Bibles, beer and blindness

OK. I’ve been listening to this debate raging among Christians as well as in the general community – all without actually watching the video clip – until now. I’ve just watched it. And I think in this case I’m glad I’ve done it in that order. I’ve watched it with an eye to both (all?) sides of the debate, and I think I can see totally valid points in defense of both the Bible Society-Coopers ‘deal’ and the production of the video. But I can also see very compelling arguments by Christians and non-Christians alike, pointing the other way, suggesting that parts or all of it have been at best ill-judged or at worst a disaster of, umm, ‘biblical’ proportions.

I’ve chosen the words ‘valid’ and ‘compelling’ very deliberately. The central observation many of my fellow ‘conservative’ (relative and over-simple term) Christian friends are making is entirely intellectually valid. The hotly contentious video clip does indeed feature a civil discussion between two protagonists, who differ significantly on a few substantial criteria. It is indeed a cause for sadness that such an event could elicit public anger, opprobrium and even vitriol. It ‘ought’ to be otherwise; it ought to be celebrated rather than condemned.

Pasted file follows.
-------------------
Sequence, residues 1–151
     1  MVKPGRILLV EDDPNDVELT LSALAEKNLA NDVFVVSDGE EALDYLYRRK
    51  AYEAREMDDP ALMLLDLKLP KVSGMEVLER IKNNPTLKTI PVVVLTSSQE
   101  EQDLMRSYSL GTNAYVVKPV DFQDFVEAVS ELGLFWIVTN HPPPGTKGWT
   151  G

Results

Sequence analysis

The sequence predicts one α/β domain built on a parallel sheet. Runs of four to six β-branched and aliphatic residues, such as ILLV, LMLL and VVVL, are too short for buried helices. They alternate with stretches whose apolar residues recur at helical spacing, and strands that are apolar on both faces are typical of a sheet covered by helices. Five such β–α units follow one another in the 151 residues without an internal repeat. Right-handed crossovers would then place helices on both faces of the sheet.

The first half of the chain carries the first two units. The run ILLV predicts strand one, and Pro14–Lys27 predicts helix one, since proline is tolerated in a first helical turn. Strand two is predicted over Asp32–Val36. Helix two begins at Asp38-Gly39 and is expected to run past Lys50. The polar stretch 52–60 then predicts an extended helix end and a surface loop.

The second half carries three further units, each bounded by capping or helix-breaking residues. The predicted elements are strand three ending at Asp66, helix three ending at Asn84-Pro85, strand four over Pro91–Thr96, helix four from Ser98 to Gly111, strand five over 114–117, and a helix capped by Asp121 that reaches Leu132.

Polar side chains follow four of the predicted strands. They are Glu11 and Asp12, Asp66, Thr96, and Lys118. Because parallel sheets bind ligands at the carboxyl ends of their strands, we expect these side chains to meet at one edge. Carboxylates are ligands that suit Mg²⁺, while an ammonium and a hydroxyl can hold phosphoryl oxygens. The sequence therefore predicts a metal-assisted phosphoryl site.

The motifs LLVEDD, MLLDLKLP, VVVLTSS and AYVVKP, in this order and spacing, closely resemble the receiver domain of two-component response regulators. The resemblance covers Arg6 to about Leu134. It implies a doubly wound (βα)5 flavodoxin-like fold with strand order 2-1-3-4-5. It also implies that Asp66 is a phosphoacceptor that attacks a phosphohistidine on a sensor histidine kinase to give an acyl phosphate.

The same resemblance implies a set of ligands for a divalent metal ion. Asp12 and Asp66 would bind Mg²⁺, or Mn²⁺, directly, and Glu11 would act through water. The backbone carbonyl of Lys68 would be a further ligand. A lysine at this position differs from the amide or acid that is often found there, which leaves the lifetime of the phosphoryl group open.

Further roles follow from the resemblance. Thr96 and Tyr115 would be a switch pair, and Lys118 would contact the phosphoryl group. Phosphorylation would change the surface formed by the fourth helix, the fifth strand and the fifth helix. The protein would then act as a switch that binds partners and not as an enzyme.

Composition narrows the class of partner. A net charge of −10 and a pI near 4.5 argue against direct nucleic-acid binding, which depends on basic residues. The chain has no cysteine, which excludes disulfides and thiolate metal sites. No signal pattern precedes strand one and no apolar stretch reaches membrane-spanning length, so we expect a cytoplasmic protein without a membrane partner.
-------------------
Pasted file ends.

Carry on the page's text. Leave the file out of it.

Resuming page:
But what I’m finding increasingly compelling is the metanarrative others are pointing to. I’ll mention two elements in reverse order of significance, as I perceive them. First, a political misjudgement. If Christians want to engage the public in useful dialogue on whatever issue, it’s a good idea to be astute about perception. It’s unfortunately not a good look that the two interlocutors chosen are not only both MPs, but also of the same party – and to wit the party currently in government, and the one most closely aligned with the ‘traditional’ position. We, the Christian community, could seriously do without a public perception that we’re aligned with one (doesn’t matter which one) side of politics. The danger is that that becomes a distraction from the issue itself, or worse – it actually becomes the issue.

And so to the second and I think most compelling metanarrative point. We the Christian community have not covered ourselves in glory when it comes to demonstrating God’s love for LGBT+ people. Plenty has been written and spoken on this point, so I won’t elaborate it in detail. But briefly, we’re fighting a clear public perception, forged over decades, that Christians don’t like gays – as people. Many of us are now working hard to reverse that perception. But as it took decades to establish, it’ll likely take decades to dismantle.

That, as several folk are telling me, is the big metanarrative. Thus when LGBT+ people or their advocates see a Christian organisation having a public discussion on a subject they hold very dear – and on which the general orthodox Christian position is both well known and unfavourable, the metanarrative carries the day. The civility or otherwise of the featured discussion is simply invisible beneath the torrent of long-established distrust of Christians.